UX Writing Challenge | Day 14: Escape the Crash!

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This is part of the 15-day UX Writing Challenge presented by Daily UX Writing.

Scenario: A user is shopping using a price comparison app that boasts “real-time” pricing on items. As they are checking the price of an item, something goes wrong. The problem is unknown.

Challenge: Write a message that informs the user that they cannot access the app right now. You cannot specify “why” the app doesn’t work, you also want them to continue using the app.

Headline: 30 characters max
Body: 120 characters max
Button(s): 15 characters max

Task & Goals

This is a problem that many of us have experienced all too often. We’re in the middle of using an app and suddenly it becomes unresponsive. Whether the content is taking too long to load or the app completely freezes, we feel frustrated on not knowing exactly what caused it to crash. Was it our connection? Did we do something wrong? Did the servers suddenly crash?

It’s one thing if the issue pertains to our connection or devices, but it’s another if it’s an issue with the app itself. While apps that crash are frustrating, apps that are only partially functional are just as frustrating if the user is unsure about what they can and can’t access.

For example, imagine you’re using a price comparison app for shopping and the prices aren’t loading. You know the app hasn’t crashed because the page isn’t frozen and the loading icon has been spinning for over a minute now. As you try to exit out of the page, you realize that the icon that normally takes you back hasn’t loaded either, so you’re stuck on this page!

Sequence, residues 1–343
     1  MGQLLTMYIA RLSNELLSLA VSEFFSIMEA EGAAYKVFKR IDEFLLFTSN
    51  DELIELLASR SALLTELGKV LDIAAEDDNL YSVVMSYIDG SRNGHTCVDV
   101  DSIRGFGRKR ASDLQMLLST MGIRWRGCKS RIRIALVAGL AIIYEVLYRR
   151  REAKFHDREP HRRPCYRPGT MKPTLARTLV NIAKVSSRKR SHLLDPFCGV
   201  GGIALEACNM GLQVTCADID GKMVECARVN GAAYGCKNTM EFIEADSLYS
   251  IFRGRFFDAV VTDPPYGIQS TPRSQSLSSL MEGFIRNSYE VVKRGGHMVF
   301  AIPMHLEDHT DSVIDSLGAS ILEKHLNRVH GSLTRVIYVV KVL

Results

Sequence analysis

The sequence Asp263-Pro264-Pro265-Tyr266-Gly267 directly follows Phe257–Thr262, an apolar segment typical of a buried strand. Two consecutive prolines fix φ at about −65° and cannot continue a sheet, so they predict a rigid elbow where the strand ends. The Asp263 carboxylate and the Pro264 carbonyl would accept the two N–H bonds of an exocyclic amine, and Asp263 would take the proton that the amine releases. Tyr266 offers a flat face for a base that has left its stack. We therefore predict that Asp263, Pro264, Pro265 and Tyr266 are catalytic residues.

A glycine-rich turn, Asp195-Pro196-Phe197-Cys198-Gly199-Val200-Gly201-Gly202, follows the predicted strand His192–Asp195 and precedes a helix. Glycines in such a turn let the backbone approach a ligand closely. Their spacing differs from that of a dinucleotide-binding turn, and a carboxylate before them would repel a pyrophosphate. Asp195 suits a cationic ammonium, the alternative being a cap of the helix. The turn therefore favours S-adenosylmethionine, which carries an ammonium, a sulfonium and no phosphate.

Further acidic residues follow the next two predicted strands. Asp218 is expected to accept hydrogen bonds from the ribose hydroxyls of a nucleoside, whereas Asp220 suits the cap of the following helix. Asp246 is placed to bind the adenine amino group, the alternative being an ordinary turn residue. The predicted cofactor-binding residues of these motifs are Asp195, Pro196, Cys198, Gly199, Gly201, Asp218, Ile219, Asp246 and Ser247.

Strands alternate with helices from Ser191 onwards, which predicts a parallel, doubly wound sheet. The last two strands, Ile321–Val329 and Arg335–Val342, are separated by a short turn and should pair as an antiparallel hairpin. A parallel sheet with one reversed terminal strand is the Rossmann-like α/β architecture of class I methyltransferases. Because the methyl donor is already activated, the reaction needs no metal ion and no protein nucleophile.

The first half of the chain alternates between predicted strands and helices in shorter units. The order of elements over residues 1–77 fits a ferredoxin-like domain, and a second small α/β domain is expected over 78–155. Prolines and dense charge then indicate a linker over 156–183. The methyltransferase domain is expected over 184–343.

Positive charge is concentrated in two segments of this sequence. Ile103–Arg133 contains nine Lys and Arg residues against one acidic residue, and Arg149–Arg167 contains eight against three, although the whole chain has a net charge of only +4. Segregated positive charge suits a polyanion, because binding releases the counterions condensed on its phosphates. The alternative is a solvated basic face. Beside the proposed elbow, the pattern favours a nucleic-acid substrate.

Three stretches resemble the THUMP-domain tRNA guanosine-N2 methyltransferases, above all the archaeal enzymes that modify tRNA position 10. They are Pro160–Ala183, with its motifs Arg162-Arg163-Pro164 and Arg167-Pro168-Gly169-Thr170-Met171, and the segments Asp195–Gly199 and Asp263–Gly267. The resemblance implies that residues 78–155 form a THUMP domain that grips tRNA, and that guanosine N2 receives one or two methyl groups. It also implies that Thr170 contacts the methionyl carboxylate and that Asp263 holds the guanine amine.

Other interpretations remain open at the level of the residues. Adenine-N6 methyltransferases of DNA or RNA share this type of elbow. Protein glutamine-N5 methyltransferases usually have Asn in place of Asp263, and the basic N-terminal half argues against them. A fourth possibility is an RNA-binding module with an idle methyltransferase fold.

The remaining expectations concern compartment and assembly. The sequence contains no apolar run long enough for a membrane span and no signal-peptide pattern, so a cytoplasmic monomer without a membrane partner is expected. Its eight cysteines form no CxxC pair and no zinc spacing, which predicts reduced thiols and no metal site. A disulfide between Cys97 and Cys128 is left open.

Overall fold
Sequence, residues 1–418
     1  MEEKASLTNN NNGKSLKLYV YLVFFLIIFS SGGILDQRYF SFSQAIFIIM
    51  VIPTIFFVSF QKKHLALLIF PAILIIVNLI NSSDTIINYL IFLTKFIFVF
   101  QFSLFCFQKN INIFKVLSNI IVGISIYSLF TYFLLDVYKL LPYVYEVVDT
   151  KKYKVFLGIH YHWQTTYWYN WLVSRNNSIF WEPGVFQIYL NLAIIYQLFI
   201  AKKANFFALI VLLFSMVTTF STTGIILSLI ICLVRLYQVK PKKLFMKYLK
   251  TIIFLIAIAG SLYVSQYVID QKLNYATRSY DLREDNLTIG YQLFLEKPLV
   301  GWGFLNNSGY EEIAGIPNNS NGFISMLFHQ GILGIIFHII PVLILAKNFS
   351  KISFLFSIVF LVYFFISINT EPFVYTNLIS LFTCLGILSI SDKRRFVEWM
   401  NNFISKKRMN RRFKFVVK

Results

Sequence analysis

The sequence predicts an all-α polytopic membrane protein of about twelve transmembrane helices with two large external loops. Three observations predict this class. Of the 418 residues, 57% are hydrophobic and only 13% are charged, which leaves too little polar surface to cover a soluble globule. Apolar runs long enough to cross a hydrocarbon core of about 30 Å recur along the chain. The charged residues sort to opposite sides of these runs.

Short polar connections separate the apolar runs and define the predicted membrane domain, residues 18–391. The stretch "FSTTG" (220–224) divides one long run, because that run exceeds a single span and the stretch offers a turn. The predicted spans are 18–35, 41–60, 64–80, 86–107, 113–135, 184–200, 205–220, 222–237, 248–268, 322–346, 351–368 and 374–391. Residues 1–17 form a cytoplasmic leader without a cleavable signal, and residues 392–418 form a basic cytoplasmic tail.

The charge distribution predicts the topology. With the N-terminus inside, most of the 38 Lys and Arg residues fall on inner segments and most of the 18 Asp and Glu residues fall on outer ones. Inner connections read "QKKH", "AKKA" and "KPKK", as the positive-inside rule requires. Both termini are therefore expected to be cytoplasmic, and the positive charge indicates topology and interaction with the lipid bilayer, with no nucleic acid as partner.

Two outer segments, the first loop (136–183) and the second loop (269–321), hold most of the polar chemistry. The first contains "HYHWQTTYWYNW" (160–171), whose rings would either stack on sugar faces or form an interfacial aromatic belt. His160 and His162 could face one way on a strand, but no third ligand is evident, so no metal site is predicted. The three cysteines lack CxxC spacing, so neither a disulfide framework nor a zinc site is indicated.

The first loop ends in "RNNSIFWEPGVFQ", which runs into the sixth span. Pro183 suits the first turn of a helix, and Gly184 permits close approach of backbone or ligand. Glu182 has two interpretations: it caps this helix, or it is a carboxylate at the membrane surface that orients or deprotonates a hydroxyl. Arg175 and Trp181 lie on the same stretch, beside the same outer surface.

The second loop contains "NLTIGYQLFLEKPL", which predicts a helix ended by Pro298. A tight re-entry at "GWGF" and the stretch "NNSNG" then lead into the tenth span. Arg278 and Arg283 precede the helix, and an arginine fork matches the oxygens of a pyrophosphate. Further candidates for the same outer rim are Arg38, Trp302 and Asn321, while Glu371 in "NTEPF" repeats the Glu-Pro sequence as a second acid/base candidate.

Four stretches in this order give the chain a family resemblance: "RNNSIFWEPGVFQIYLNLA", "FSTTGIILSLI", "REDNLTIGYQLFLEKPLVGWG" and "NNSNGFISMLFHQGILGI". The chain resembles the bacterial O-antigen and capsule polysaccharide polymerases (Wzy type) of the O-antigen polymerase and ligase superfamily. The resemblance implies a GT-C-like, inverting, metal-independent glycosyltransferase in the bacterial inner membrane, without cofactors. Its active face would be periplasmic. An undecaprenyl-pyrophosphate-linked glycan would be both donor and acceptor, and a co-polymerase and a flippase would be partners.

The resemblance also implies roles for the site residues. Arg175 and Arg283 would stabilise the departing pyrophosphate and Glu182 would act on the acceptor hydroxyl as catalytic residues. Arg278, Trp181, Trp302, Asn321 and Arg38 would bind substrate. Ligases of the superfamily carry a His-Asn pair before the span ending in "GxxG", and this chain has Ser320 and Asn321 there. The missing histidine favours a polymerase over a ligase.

It’s not clear why this is so you’re left frustrated because that means you have to quit and reload the app again.

Okay, so suppose that our user comes across this problem. Our goal is to write a message that tells the user that their desired content is currently unavailable, but the rest of the app works and they are able to navigate away from the issue to enjoy the rest of the app.

Concepts & Ideas

In situations like this, we need to write something that guides the user away from the unavailable page.

Normally if a page isn’t loading, it’s likely that the buttons that guide the user away from that page hasn’t loaded either.

So, we could write something like a pop-up notification to the user that provides them a button to go back out whenever this situation occurs.

How the app is able to detect that is an engineering question and that’s beyond the scope of this challenge. But in this case, ignorance is bliss because we’re told we can’t specify why the page doesn’t load.

So, here’s my copy:

Headline: Something Went Wrong
Body: We’re sorry. This page isn’t loading right now, but you can still shop. Click “Go Back” to go to your previous page.
Button: Go Back

The headline is short and simple and conveys the idea to the user that the app detected that something isn’t working. This signals the user that the app itself is still working, just not the particular feature that they’re trying to use.

With that, the body extends a helping hand and tells them what they can do next. By telling them that they can go back to the previous page, the user may feel relieved that they won’t have to start all over again.

Then there’s the button that tells them to go back to the previous page. I made the choice of having a single button because in this context, this is the only choice that the user should be provided because there isn’t much else that can be done on this page.

Here’s what the copy would look like:

Conclusion

When users experience a problem but have no guide as to what to do next, they’ll end up frustrated with our app. This challenge is an exercise in providing that lifeline to our users so that they can continue using our app and avoid the frustrating of trying to reload it.

How would you tackle this challenge? Let me know your thoughts in the comments. Again, I welcome any constructive feedback that you may have. Thanks for reading!

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